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What’s the connection between air pollution and lethal heart diseases?

air pollution

The recent survey published by CHEST journal revealed that air pollution might be damaging for every organ and every cell in our body. According to WHO, one-third of deaths from strokes, lung cancer, and heart diseases happen because of air pollution. Breathing dirty air equals smoking tobacco or eating too much salt. Heart is the organ that suffers from polluted air most, and here is why.

Effects of long-term exposure to polluted air

On 24 May 2016, The Lancet journal published a report: it described the results of long-term research on air pollution and its influence on human health. Previous epidemiological studies have shown a link between heart disease and particulate air pollution. However, it was unclear exactly how the impact of solid particles leads to diseases of the cardiovascular system. Earlier studies were small-scale and based on an analysis of existing data sets collected for other purposes.

Now, direct evidence of exposure to polluted air has been obtained. A Multi-Ethnic Study of Atherosclerosis and Air Pollution (MESA Air) was conducted, during which the connection between air purity and cardiovascular health of 6,000 people has been studied for 10 years in six states.

The study provides important new information on how pollution affects the underlying biological processes that lead to heart disease,” said Joel Kaufman, professor at the University of Washington, project manager at MESA Air, and lead author of the article.

The findings support the idea of ​​the need for global efforts to reduce the effects of pollutants on the air,” says Kaufman.

He also noted that “it was the most in-depth study of concentrations of air pollutants ever used in a significant research work specifically designed to study the effect of pollution on the health of the cardiovascular system.”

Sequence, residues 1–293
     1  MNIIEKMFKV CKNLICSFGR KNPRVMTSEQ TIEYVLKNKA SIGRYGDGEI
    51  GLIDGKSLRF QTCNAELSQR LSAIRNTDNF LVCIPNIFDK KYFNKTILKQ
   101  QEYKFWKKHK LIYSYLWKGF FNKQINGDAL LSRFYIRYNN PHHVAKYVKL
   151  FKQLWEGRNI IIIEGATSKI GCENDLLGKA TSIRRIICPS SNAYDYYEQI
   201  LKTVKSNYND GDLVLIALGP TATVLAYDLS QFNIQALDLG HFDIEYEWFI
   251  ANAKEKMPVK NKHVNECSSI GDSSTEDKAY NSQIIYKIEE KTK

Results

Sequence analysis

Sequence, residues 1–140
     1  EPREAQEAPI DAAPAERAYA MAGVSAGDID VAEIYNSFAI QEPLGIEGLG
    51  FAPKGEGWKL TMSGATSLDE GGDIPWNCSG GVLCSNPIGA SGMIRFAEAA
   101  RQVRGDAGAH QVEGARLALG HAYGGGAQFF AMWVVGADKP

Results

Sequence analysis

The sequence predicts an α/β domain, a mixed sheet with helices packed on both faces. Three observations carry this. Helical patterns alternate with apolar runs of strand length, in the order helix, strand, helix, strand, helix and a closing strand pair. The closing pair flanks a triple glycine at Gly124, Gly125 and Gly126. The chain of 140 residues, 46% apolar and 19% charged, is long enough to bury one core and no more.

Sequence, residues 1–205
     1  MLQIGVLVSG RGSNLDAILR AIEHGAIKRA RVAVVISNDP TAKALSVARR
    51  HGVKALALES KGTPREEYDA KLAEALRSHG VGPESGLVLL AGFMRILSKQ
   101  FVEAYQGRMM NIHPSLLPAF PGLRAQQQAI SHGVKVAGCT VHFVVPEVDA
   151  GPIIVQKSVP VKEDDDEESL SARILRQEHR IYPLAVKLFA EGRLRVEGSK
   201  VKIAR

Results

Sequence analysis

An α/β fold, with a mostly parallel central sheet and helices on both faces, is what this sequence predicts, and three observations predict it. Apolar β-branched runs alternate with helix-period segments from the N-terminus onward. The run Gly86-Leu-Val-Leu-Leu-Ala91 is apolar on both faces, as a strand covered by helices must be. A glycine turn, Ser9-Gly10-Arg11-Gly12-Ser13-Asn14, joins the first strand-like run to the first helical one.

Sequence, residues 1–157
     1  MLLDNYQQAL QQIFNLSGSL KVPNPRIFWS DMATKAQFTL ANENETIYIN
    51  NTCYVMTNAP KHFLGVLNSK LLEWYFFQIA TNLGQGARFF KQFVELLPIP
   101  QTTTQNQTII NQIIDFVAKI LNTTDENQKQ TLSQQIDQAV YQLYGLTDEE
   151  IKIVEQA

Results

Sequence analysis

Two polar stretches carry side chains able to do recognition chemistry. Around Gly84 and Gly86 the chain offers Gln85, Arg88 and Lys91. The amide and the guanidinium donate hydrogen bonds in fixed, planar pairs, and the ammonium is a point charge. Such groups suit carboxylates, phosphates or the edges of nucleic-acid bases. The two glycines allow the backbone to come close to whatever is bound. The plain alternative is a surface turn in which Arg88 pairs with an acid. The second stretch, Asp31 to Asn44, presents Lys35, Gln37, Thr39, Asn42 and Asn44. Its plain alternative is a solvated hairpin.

Researchers estimated the degree of exposure of each participant to the program of fine particles in the air (pollutants less than 2.5 microns in diameter, invisible to the naked eye). The content of nitric oxide and nitrogen dioxide, dust, and soot was also measured.

During the implementation of the project, thousands of measurements of air purity were made in the places where the study participants lived — on the street and in houses. The research team developed and used mathematical models that took into account information about land use, roads and traffic volume, weather conditions and local sources of air pollution. These models allow you to calculate the exact concentration of pollutants acting on each person. In the period from 2000 to 2012, participants were regularly examined in order to determine the amount of calcium deposits in the vessels.

The results show a strong impact on the health of fine particles and polluting gases associated with vehicles — nitrogen oxides. The study showed that every additional 5 μg / m3 of fine particles or 35 billionths (ppb) of nitrogen oxides increases the calcium index (Agatston index) by 4 units. This is about 20% acceleration in calcium deposition.

The effects of air pollution are noticeable even in the United States, where efforts to reduce harmful effects are more successful than in many other parts of the world,” says Kaufman.

The American standard for ambient air quality suggests that the concentration of fine particles in the air should not exceed 12 μg / m3. The study participants breathed air with a concentration of fine particles from 9.2 to 22.6 μg / m3.

British scientists claim it’s less scary than we think